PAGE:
19th Century: Toad-in-the-Hole


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Appears in

Pride and Pudding: The History of British Puddings, Savoury and Sweet

Pride and Pudding

By Regula Ysewijn

Published 2016

  • About

Hannah Glasse, who came up with the term ‘Yorkshire pudding’ in 1747, also had a recipe in her book The Art of Cookery for ‘Pigeons in a Hole’. It was basically a toad-in-the-hole using whole pigeons rather than bangers (sausages).

Fifty years later the novelist Fanny Burney mentions the trend for ‘putting a noble sirloin of beef into a poor, paltry batter-pudding!’ (Diary and Letters of Madame D’Arblay, December 1797). Sausages were being used in this manner as well; in the mid-eighteenth century the diarist Thomas Turner mentions that he ‘dined on a sausage batter pudding’ (9 February 1765). Richard Briggs, in The English Art of Cookery (1788), is the first instance I can find that actually names the dish Toad-in-the-hole, although his version uses beef.

Alexis Soyer gives not one but eleven versions of a toad-in-the-hole in A Shilling Cookery for the People (1854), his book aimed at the working classes. The first uses ‘trimmings of either beef, mutton, veal, or lamb, not too fat’; then there is a plain version with potatoes, and one with peas. Further, he suggests to use calves’ brains; larks or sparrows; ox cheek or sheep’s head; a rabbit; the remains of a previously cooked hare; a blade-bone of pork; and finally the remains of salt pork.

The next mention I wish to share with you comes from the Italian Pelegrino Artusi. He mentions a recipe for toad-in-the-hole in La Scienza in Cucina e l’Arte di Mangiare Bene (1891). The recipe is called ‘twice-cooked meat English style’ (lesso rifatto all’inglese) and in his description he mentions that ‘toad-in-the-hole’ is the name of this twice-cooked meat. He also goes on to explain that it is a delicious dish and it would be an insult to call it a toad. Artusi had a great sense of humour and that is something you can see in his introductions to his recipes. However, the toad-in-the-hole he mentions is not for a sausage cooked in batter, but uses meat for boiling, sliced and browned on both sides.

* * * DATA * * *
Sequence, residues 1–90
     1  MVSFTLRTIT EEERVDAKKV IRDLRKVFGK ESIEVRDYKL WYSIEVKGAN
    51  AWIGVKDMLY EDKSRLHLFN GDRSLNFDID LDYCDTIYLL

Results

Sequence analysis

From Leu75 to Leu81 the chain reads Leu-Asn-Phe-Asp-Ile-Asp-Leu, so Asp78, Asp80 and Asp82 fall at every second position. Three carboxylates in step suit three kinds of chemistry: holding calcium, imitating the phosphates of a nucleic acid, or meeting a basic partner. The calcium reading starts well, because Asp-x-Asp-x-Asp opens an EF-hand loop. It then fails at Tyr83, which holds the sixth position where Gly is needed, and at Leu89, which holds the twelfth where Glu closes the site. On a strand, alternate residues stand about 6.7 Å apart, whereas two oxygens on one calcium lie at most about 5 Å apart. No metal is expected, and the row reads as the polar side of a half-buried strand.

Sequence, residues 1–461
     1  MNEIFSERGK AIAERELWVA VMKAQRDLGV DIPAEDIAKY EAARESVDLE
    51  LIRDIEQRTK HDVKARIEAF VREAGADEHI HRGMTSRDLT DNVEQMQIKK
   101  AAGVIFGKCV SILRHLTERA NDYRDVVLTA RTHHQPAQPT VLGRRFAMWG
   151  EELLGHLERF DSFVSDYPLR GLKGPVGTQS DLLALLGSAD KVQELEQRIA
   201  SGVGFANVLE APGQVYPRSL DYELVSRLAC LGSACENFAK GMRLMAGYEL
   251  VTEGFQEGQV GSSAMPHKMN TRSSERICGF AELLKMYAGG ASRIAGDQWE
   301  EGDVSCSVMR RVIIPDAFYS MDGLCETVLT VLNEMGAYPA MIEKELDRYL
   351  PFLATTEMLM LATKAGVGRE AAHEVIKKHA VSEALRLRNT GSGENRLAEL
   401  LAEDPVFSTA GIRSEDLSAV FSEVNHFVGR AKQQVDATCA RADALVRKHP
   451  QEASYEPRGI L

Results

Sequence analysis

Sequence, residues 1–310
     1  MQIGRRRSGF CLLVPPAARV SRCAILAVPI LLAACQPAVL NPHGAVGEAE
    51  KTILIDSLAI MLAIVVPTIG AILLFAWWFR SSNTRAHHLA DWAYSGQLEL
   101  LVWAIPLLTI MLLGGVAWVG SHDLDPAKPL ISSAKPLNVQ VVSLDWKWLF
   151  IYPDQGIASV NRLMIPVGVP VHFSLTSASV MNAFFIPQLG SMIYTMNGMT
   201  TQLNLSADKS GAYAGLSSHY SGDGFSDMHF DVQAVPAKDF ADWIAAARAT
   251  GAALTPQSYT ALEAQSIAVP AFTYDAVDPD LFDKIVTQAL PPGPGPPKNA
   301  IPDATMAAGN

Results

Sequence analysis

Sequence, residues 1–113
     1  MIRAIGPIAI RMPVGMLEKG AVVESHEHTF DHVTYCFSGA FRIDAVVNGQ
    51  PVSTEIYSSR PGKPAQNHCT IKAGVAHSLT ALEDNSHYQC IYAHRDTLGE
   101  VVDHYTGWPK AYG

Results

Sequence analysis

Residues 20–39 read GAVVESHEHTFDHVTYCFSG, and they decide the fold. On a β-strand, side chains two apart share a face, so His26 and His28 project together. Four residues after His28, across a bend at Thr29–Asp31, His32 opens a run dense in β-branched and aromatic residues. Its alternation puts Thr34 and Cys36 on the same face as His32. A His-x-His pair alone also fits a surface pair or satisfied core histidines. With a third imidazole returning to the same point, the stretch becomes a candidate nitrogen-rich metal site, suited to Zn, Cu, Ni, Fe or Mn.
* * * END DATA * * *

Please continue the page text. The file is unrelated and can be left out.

What becomes clear is that the toad-in-the-hole is a popular dish to use up leftovers at this period in time. Mary Jewry gives three recipes for toad-in-the-hole in her book, Warne’s Every Day Cookery: one for a batter pudding with a veal-stuffed chicken, one with rump steak and one to use up cold roast mutton.

During the war years, people were instructed to cook toad-in-the-hole using Spam rather than the (by then) more commonly used sausage. Today the dish has become so connected with British food culture it is no wonder references can be found as early as the mid-1700s.

Toad-in-the-hole is now a favourite dish of small and tall: every child loves a banger, and every grown-up likes to be transported back to his or her childhood. It now features on the menus of laid-back pubs and restaurants that prepare it with posh locally sourced bangers. And a festive Bonfire Night, too, wouldn’t be the same without it.